Child’s death led to major reform, says ambulance chief

No ambulance sent to scene of accident in which 23-month-old Vakaris Martinaitis fell from window

Fri, Dec 20, 2013, 01:00


The medical director of the National Ambulance Service has given a guarantee that there will be no repeat of a situation where it failed to send an ambulance for a child who was fatally injured after falling from an upstairs window in Co Cork.

Dr Cathal O’Donnell said he was confident there would be no repeat of what happened when the ambulance control centre at Cork University Hospital stood down an ambulance which was due to be dispatched for 23-month-old Vakaris Martinaitis.


Serious head injuries
The child died at the hospital on May 8th last, two days after suffering serious head injuries when he fell from an upstairs window on to a concrete area outside the family’s home at The Paddocks, Castleredmond, Midleton, on May 6th.

The child was brought to hospital by neighbour Kevin Hennessy in his car after an ambulance was stood down because the call-taker at the ambulance control centre at Cork University Hospital believed the child had suffered a simple fall in a green area and was not seriously injured.

Mr Hennessy and his daughter saw the child on a green area, not realising he had fallen from a window on to concrete but had been moved on to the grass by his Lithuanian father, Vidas, who had limited English.

Earlier this month, a verdict of accidental death was returned by a jury at Cork City Coroner’s Court, which heard that the loss of a number of minutes through the failure to send an ambulance to the scene was not a factor in the child’s death.

The HSE appointed a panel of independent experts last May to review the case.

The review panel, chaired by Dr David McManus, medical director of the Northern Ireland Ambulance Service, noted the ambulance control staff at Cork University Hospital failed to assess appropriately the child’s condition at the scene and failed to provide post-dispatch advice to the caller.

Dr O’Donnell said the ambulance service was already implementing some of the 12 recommendations made by Dr McManus and his team, including giving higher priority to cases where information is limited or the people involved in the incident have poor English, he added.

The ambulance service has contracted a third-party company that will provide translation services in live time via conference calls to assist with any 999 calls where the caller is someone with limited English, he said.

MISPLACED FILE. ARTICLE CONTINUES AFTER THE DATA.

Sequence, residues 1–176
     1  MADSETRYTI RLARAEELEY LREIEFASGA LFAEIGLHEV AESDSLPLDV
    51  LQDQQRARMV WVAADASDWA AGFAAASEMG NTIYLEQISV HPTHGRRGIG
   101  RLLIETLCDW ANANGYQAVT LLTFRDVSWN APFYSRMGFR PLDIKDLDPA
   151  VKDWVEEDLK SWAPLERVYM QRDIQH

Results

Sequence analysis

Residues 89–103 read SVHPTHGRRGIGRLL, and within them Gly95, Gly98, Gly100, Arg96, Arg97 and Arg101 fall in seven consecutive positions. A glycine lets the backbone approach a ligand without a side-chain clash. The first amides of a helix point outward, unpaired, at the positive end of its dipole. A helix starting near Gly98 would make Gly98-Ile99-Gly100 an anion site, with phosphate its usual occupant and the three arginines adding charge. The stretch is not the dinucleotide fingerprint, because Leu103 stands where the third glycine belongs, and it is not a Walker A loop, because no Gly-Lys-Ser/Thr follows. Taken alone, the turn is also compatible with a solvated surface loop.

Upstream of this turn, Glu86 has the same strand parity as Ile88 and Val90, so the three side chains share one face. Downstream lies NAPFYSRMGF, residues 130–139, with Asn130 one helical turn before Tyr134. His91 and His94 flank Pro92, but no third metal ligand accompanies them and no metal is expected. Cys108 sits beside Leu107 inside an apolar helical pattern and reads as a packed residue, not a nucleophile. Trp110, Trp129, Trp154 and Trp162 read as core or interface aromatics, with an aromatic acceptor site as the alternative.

Among the other recommendations by the review team, which are also being implemented, are clear delineation of roles between call takers and call dispatchers and the appointment of a team leader at each call centre with the authority to decide on the appropriate response.


External review
Speaking yesterday at the publication of the panel’s report, Dr O’Donnell admitted that a mistake had been made but the ambulance service had moved quickly to address the issue by appointing the external review team to ensure a quality service and provide public confidence in the service.

“What happened should not have happened and we fully accept that, and I have apologised to the family. Our responsibility is that if a member of the public dials 999, we will send an ambulance every time – that did not happen on this occasion and it should have happened.”

Dr O’Donnell said that notwithstanding the mistake made on this occasion, people should be aware that the ambulance service handled 600 emergency calls daily and 230,000 such calls annually and the overwhelming majority of these were handled properly and in line with protocols.

Dr McManus said the review showed the mistake arose from the failure to follow proper protocols and had nothing to do with resources.

He said the ambulance service is moving from 12 ambulance control centres to two such centres and such a model with fewer centres dealing with higher volumes of calls has been found internationally to lead to a better service.

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